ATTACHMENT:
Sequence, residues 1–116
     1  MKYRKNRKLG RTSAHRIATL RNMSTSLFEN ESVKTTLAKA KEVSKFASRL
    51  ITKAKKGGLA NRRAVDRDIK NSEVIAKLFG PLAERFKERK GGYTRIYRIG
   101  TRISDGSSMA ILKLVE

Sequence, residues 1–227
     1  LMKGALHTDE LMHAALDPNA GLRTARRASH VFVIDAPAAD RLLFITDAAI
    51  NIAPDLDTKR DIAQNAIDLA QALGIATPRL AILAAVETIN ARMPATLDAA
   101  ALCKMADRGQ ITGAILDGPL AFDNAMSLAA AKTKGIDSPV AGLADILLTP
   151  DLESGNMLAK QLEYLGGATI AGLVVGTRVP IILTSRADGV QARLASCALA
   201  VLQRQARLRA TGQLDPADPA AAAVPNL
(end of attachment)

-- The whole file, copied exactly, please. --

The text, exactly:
Sequence, residues 1–116
     1  MKYRKNRKLG RTSAHRIATL RNMSTSLFEN ESVKTTLAKA KEVSKFASRL
    51  ITKAKKGGLA NRRAVDRDIK NSEVIAKLFG PLAERFKERK GGYTRIYRIG
   101  TRISDGSSMA ILKLVE

Sequence, residues 1–227
     1  LMKGALHTDE LMHAALDPNA GLRTARRASH VFVIDAPAAD RLLFITDAAI
    51  NIAPDLDTKR DIAQNAIDLA QALGIATPRL AILAAVETIN ARMPATLDAA
   101  ALCKMADRGQ ITGAILDGPL AFDNAMSLAA AKTKGIDSPV AGLADILLTP
   151  DLESGNMLAK QLEYLGGATI AGLVVGTRVP IILTSRADGV QARLASCALA
   201  VLQRQARLRA TGQLDPADPA AAAVPNL